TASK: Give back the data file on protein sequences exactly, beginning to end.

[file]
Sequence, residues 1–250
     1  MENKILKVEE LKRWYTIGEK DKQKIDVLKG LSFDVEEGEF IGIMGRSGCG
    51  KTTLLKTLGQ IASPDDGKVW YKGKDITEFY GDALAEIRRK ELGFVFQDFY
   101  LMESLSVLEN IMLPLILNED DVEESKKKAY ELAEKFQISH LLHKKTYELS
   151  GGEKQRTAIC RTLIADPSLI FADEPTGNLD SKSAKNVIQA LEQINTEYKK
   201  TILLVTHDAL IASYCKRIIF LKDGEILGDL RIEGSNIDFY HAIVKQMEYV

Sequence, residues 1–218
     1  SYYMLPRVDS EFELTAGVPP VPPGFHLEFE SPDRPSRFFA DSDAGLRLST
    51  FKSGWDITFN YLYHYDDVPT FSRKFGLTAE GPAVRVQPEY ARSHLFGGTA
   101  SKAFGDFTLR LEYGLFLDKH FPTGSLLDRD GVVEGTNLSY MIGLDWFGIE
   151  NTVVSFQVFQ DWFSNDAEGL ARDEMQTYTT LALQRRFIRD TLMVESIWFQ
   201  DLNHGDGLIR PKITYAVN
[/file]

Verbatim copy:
Sequence, residues 1–250
     1  MENKILKVEE LKRWYTIGEK DKQKIDVLKG LSFDVEEGEF IGIMGRSGCG
    51  KTTLLKTLGQ IASPDDGKVW YKGKDITEFY GDALAEIRRK ELGFVFQDFY
   101  LMESLSVLEN IMLPLILNED DVEESKKKAY ELAEKFQISH LLHKKTYELS
   151  GGEKQRTAIC RTLIADPSLI FADEPTGNLD SKSAKNVIQA LEQINTEYKK
   201  TILLVTHDAL IASYCKRIIF LKDGEILGDL RIEGSNIDFY HAIVKQMEYV

Sequence, residues 1–218
     1  SYYMLPRVDS EFELTAGVPP VPPGFHLEFE SPDRPSRFFA DSDAGLRLST
    51  FKSGWDITFN YLYHYDDVPT FSRKFGLTAE GPAVRVQPEY ARSHLFGGTA
   101  SKAFGDFTLR LEYGLFLDKH FPTGSLLDRD GVVEGTNLSY MIGLDWFGIE
   151  NTVVSFQVFQ DWFSNDAEGL ARDEMQTYTT LALQRRFIRD TLMVESIWFQ
   201  DLNHGDGLIR PKITYAVN